The County of Lingen belonged since 1496 to the rule
of the Count of Tecklenburg. Konrad of Tecklenburg introduced the Lutheran
Reformation in 1541. New preachers were installed and its own church
constitution was introduced (in 1543). This phase ended five years later,
however, because Konrad lost the rule over Lingen.
The decisive date for the introduction of the Reformed Reformation in
the County of Lingen is the year 1578. For it was then that the County
of Lingen came under the control of the Reformed House of Orange. The
Prince Maurice of Nassau-Orange reformed the congregations from 1597
by causing the gospel to be preached. And although there was apparently
no pressure exerted, most of the inhabitants turned to the Reformed confession.
In 1605 however, Lingen was conquered by Spinola, commander in Spanish
services, and the county was re-Catholicised. And with success – for
the still young movement of the Reformed confession had not yet been
able to root itself deeply enough. In 1524 the Reformed preacher Melchior
Balthasar was executed in Meppen. In 1633 the rule changed again – Orange
took over Lingen once more. From 1634 there was a Reformed service in
Lingen once more. Reformed preachers were also appointed in several other
congregations. At this point, however, a split existed: the overwhelming
majority of the population was and remained Roman Catholic, a minority
Reformed. A brief interlude in 1673/74, in which the Bishop of Munster,
who had conquered the County of Lingen, reigned, caused a change in trend
in favour of the Roman Catholic Church. But already in 1674, the members
of the House of Orange took over the rule in the County of Lingen once
again. Because of the numerous changes in the past few years, the majority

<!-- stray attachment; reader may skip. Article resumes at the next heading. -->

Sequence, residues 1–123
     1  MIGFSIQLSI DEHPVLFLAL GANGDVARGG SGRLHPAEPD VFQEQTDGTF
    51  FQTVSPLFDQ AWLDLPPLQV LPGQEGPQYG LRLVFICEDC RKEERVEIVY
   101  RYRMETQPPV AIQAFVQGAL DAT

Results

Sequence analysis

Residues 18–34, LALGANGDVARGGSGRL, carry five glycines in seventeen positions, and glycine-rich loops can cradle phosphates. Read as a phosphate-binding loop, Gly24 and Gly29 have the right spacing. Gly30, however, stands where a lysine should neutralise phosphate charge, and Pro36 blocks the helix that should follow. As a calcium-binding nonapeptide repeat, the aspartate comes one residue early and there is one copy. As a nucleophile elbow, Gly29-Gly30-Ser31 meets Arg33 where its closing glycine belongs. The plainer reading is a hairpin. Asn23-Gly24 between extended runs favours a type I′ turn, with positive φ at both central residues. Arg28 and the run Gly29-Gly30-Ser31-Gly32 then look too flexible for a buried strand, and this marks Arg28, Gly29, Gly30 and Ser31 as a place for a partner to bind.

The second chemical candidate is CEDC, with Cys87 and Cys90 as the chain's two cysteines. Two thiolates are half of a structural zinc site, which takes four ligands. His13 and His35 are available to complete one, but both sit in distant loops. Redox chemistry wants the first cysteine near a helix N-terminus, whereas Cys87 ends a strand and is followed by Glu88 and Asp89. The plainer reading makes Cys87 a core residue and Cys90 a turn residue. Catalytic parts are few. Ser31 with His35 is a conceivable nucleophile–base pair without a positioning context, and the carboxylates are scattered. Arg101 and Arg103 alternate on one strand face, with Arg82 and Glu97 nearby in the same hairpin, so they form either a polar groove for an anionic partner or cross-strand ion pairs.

of the population were unwilling to make yet another change of confession.
The Reformed preachers were not accepted in a friendly manner, and forbidden
Roman Catholic services took place, sometimes in emergency churches outside
In 1678 its own church constitution was drawn up on the Dutch model,
later becoming the model for the church constitution of the County of
Bentheim. It emphasises the Reformed principles of the Heidelberg Catechism,
entrusts the church councils with the leadership of the congregation
and states expressly that none of the congregations are to have power
over any other.
In 1693 the high school in Lingen was set up, at which theology, law,
medicine and philosophy could be studied. It was closed in 1820. Individual
buildings of the high school are still to be found in Lingen today.
Hohe Schule Lingen 1694
From 1702 the County of Lingen belonged to Prussia, whereby little changed
for the congregations, their language and church hymns remaining Dutch
(into the 19th Century). The rule changed again in 1815, the Lower County
of Lingen being ascribed to the Kingdom of Hanover, while the Upper County
remained with Prussia.
The Reformed congregations in today’s Emsland belong to the “Protestant
Reformed Church. Synod of Protestant Reformed churches in Bavaria and
North West Germany.”